Please use this identifier to cite or link to this item: https://zone.biblio.laurentian.ca/handle/10219/2514
Title: Mine schedule optimization with geotechnical constraints
Authors: Saeidi, Negar
Keywords: Mining schedule optimization;geomechanical stability;time-dependent rock deformability;excavation sequencing
Issue Date: 28-Sep-2015
Abstract: If a mining project consists of n stoping activities these can be scheduled in n! ways according to the duration between the activities and their precedence. Mine schedule optimization manipulates the precedence relationships and the duration of the mining activities in order to maximize the Net Present Value (NPV). However, unexpected instabilities may impede or disrupt the schedule and thus reduce the profitability and so geotechnical aspects of the operation need to be taken into account. The mine schedule optimization software considered in this work is the so-called Schedule Optimization Tool (SOT). This thesis reports the work for development of new geomechanical constraints for any mine scheduling tool to find the safest and the most profitable schedule, exemplified within the SOT framework. The core hypothesis of this research is that there is a time-dependent aspect of the rock behaviour that leads to instability, a consequence of dependence of geotechnical instability upon the sequence and duration between stoping activities. There is evidence presented in this work that supports this hypothesis. An automated procedure for timely and computationally efficient calculations of the instability metrics is presented. This can be applied to evaluate the geomechanical stability of any of the n! schedules for excavating n stopes or applied to evaluate geomechanical stability of schedules arising in the schedule optimization process. However, in practice, the number of feasible schedules is much less than n! due to the precedence constraints. The approach starts with computing n elastic stress fields induced after excavating each individual stope independently within an identical computational domain using Compute3D. The stress-time series of each iv and/or every sequence of stoping are generated through superimposition of these pre-computed stress fields, and the time stamps of blasting for excavation are allocated corresponding to the stoping timetable. Different blasts are allowed to be timetabled at the same time. By means of Hooke’s law and the 3D Kelvin-Voigt creep model the elastic strain time series and the viscoelastic strain time series are produced for the stress-time series. Based on the Mohr- Coulomb Failure criterion three (in)stability indicators are defined: i. ‘Strength Factor’ to evaluate state of stress at each stage of each schedule as a proportion of is strength ii. ‘Strainth Factor’ to evaluate state of elastic strain at each stage of each schedule as a proportion of a limiting ‘rupture’ strain iii. ‘Viscoelastic-strainth Factor’ to evaluate state of viscoelastic strain at each stage of each schedule as a proportion of a limiting ‘rupture’ strain. To provide a perspective of the (in)stability condition in the computational domain for all the feasible sequences of stoping, 12 (in)stability metrics were defined and the results of each are illustrated in the form of ‘(in)stability indicator diagrams’. The overall methodology is applied to an example of excavating 6 open stopes. Additionally, a methodology is theorized to evaluate the stability condition in the rock mass surrounding the stopes for a series of stoping and backfilling schedules. The methodology is based on pre-computing one additional stress field element for each stope, which represents the effect of the fill loading on the rock mass. The calculations for this approach are consistent with the time and computational efficiency of the original methodology. The computational effort v increases to ‘2n’ pre-computed stress fields rather than ‘n’: as problem sizes double, computational time doubles, rather than increases in polynomial or exponential time.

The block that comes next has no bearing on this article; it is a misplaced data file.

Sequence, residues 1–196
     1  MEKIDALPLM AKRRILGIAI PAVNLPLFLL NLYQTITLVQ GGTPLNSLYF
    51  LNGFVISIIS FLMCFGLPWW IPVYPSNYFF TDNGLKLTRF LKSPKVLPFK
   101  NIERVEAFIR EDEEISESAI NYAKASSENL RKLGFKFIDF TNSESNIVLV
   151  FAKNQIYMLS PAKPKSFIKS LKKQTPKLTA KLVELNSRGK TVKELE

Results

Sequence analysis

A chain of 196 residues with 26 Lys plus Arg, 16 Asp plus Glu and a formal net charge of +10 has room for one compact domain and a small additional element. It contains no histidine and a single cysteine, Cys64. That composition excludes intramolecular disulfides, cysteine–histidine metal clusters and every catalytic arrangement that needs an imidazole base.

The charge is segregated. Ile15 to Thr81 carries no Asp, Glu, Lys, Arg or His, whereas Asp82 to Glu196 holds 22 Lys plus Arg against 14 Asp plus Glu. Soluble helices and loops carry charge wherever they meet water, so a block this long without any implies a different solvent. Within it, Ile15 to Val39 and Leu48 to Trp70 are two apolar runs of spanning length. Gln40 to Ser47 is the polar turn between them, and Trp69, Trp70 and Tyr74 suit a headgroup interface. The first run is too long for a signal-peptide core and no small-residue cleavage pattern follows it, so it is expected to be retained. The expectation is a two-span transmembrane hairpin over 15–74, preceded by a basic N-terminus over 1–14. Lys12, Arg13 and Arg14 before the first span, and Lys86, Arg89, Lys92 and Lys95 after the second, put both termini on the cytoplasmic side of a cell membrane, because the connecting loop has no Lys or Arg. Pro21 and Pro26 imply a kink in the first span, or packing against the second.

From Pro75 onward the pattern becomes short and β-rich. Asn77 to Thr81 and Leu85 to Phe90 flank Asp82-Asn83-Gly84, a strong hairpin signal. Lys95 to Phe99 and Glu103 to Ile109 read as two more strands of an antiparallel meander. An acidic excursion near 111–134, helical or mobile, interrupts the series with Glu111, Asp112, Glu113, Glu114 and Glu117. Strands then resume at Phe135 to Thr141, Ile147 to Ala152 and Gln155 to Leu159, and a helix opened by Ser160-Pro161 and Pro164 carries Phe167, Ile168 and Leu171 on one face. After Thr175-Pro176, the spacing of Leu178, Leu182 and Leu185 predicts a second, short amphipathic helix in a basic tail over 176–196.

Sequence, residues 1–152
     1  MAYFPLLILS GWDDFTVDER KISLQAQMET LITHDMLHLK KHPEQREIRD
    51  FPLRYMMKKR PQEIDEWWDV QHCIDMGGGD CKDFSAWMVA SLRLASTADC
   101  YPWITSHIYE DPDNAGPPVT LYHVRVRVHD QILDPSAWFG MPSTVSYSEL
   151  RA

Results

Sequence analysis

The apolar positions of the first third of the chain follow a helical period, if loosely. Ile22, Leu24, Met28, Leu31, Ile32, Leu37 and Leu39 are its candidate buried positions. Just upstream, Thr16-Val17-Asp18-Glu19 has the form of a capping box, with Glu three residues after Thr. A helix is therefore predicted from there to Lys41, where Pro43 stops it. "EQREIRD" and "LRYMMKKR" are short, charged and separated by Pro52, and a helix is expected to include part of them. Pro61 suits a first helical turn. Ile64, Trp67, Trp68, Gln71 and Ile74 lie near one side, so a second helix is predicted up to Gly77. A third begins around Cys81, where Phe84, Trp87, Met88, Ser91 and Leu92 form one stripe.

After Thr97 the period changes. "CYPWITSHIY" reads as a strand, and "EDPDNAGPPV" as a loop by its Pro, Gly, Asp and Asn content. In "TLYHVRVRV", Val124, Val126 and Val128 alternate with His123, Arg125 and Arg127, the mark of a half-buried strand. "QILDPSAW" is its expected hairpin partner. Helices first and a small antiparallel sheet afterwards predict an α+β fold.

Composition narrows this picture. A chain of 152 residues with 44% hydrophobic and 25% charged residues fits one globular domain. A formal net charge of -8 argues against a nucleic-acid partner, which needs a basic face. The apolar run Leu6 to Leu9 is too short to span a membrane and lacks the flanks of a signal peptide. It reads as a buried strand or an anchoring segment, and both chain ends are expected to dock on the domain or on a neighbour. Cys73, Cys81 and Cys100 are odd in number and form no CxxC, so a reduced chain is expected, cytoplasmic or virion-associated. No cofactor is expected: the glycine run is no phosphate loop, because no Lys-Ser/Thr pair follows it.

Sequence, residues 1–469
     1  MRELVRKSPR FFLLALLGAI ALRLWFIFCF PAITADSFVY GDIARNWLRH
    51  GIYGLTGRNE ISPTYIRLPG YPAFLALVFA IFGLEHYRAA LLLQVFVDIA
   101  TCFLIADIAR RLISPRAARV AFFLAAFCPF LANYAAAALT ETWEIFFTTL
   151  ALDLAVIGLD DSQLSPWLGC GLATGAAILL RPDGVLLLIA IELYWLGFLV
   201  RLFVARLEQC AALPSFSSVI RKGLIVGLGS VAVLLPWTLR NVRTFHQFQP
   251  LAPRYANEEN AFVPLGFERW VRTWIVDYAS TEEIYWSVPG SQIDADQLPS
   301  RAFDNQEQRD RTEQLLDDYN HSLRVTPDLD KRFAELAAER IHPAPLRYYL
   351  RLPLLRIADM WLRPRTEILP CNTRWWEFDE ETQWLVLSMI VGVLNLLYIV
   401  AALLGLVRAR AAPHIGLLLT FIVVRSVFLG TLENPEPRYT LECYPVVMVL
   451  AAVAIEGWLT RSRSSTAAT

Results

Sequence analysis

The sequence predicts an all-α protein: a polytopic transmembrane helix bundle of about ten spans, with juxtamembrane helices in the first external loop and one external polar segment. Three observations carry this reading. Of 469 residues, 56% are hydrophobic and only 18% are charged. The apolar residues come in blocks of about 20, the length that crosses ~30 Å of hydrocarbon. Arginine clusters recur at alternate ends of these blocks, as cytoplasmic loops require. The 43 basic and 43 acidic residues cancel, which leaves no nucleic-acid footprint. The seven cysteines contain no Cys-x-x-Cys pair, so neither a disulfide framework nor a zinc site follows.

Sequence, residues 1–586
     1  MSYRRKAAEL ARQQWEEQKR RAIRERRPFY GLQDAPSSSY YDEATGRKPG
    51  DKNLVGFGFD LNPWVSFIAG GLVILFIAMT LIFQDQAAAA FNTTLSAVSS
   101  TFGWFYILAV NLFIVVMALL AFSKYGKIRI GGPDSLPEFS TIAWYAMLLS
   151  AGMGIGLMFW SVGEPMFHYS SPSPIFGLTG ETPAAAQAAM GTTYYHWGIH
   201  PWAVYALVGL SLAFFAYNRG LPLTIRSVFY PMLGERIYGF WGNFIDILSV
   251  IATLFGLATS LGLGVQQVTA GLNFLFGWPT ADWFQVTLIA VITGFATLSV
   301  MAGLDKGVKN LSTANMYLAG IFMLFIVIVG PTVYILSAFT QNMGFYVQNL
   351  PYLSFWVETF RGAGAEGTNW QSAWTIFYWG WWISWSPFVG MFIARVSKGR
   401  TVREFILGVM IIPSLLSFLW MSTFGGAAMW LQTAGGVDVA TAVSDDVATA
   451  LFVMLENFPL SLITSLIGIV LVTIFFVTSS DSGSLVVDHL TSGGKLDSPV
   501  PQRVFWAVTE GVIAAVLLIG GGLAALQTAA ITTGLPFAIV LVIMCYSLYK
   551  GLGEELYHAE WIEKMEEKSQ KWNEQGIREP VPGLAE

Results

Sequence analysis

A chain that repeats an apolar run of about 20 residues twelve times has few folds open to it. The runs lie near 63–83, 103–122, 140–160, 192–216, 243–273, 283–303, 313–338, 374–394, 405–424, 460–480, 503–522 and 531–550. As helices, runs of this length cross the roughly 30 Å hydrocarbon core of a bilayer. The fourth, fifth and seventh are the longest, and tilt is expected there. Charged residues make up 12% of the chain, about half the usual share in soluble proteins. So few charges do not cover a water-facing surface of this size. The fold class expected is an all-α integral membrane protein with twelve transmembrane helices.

URI: https://zone.biblio.laurentian.ca/dspace/handle/10219/2514
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Master's Theses

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